Gas line price tag now must include security, study group reports

ANCHORAGE -- Gas companies studying a proposed natural gas pipeline from the North Slope to the Lower 48 say the line could cost more than their initial estimates, in part because of security concerns after the Sept. 11 terrorist attacks.

The line, which would tap North America’s largest undeveloped gas reserves, is estimated to cost $15 billion to $20 billion.

Nailing down a precise cost is the target of a $100 million study expected to be completed by the end of the month.

BP, ExxonMobil Production Co. and Phillips Alaska Inc., owners of most of the North Slope’s proven gas reserves of 35 trillion cubic feet, teamed up to look at what the project will cost. They are also looking at which route would be most economical; one that would follow the Alaska Highway or one that would run under the Beaufort Sea and across the Canadian Arctic.

On Dec. 13, Curtis Thayer, spokesman for the joint study group, said security along the proposed line became a concern after Sept. 11, particularly for the more exposed highway route.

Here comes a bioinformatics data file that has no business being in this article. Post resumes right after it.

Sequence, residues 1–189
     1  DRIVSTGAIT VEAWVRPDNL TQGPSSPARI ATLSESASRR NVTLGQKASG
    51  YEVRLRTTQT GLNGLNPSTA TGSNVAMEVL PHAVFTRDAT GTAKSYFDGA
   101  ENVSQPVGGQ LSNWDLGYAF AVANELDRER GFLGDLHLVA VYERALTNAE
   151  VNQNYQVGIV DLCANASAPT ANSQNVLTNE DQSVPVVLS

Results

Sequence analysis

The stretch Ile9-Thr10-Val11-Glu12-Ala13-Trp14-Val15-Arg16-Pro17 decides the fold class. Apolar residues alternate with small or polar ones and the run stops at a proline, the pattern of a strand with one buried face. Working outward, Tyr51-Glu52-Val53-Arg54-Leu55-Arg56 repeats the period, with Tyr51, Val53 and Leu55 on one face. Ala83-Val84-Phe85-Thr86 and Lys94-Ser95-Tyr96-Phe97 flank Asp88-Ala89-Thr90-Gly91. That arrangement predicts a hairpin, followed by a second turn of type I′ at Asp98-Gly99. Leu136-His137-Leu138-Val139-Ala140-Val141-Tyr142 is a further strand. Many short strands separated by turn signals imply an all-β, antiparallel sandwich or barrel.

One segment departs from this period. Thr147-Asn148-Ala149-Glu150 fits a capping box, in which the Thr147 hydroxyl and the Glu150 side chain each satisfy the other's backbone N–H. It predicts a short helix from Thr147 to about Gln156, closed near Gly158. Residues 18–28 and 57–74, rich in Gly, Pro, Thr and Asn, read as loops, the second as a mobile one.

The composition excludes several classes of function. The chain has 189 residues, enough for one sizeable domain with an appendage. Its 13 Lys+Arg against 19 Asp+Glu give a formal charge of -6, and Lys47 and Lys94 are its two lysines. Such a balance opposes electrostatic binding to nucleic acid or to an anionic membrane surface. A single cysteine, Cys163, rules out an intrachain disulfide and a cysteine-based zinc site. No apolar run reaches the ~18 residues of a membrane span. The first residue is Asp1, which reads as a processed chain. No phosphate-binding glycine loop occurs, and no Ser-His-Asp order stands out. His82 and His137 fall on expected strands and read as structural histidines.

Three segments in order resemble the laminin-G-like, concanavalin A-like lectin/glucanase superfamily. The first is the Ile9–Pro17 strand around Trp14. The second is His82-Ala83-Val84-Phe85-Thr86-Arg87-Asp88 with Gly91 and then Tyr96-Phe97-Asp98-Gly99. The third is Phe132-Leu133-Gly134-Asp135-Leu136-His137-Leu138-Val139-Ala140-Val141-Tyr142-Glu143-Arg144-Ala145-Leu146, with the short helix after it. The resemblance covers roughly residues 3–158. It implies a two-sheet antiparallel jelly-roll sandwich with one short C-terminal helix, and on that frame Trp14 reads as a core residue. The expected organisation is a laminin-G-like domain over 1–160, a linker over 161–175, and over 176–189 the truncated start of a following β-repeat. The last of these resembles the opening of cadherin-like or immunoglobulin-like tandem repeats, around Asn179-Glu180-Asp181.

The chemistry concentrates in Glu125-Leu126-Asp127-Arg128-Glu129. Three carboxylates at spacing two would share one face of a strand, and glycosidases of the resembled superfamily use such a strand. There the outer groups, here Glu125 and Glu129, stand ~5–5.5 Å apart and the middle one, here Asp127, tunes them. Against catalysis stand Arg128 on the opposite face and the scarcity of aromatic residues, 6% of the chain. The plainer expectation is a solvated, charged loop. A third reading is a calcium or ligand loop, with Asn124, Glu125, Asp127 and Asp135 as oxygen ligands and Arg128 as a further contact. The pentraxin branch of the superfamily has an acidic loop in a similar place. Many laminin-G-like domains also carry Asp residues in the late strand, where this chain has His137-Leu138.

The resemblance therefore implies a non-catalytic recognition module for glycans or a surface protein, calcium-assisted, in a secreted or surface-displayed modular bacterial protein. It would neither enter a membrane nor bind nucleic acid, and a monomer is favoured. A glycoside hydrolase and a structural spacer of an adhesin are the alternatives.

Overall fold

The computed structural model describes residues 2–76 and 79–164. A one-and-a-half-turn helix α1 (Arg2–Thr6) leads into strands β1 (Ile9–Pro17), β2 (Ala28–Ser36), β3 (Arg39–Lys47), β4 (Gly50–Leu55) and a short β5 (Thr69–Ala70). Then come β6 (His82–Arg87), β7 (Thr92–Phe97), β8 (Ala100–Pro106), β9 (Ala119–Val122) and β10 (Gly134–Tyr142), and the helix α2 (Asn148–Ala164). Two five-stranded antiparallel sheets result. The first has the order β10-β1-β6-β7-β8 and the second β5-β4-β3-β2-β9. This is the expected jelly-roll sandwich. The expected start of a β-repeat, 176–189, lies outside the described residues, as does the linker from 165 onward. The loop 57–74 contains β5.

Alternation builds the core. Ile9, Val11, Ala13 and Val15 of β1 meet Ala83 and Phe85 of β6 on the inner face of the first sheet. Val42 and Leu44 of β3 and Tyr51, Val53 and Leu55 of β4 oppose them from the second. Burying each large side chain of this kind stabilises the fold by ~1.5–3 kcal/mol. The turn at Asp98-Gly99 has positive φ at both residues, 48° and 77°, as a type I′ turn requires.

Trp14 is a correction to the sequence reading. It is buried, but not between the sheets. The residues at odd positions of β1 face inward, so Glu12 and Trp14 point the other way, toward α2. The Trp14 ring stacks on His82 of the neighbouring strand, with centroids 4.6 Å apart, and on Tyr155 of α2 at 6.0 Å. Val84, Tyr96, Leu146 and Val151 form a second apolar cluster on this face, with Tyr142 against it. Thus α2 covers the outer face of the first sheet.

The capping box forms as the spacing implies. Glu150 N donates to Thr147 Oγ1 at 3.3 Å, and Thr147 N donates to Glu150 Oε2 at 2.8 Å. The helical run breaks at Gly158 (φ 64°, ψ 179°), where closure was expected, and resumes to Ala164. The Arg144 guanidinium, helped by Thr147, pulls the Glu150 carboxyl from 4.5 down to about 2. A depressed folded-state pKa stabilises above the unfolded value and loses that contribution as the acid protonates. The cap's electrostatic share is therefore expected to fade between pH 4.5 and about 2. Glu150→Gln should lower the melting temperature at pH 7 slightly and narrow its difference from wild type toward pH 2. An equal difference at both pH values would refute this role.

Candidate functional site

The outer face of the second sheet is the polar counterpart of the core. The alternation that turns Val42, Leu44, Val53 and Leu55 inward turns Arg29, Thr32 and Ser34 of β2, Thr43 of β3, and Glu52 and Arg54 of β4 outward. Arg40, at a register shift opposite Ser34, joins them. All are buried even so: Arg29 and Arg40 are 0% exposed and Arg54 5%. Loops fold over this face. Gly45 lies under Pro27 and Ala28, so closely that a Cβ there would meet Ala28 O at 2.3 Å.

"Having a pipeline along a highway presents security issues,’’ Thayer said, "and that is going to cost a little more.’’

Most of the line would be buried, but it would bridge some streams.

This fall, the owners of the 800-mile trans-Alaska oil pipeline learned just how vulnerable their line was when a man shot it with a rifle. It took workers about 36 hours to stop the leak, which amounted to almost 300,000 gallons.

Security is not as big a concern with a gas line across the isolated Beaufort Sea. But for other reasons, the cost of that route might be more expensive than first thought.

Last August, the price was estimated at $15.1 billion, about $2 billion less than the highway route. Crews were still surveying the Beaufort route during the estimate.

Surveying is now completed, and the companies have a better idea how much it would cost. Thayer declined to say whether the price will increase, but acknowledged that building a line underneath the sea has environmental challenges that could drive up costs.

Preliminary analysis already shows that neither route would be as profitable as the companies want. The companies based their study on earning at least a 15 percent profit, but September estimates found the return would be in the range of 12 percent to 13 percent, he said.

Updated: 
12/23/2001 - 8:00pm

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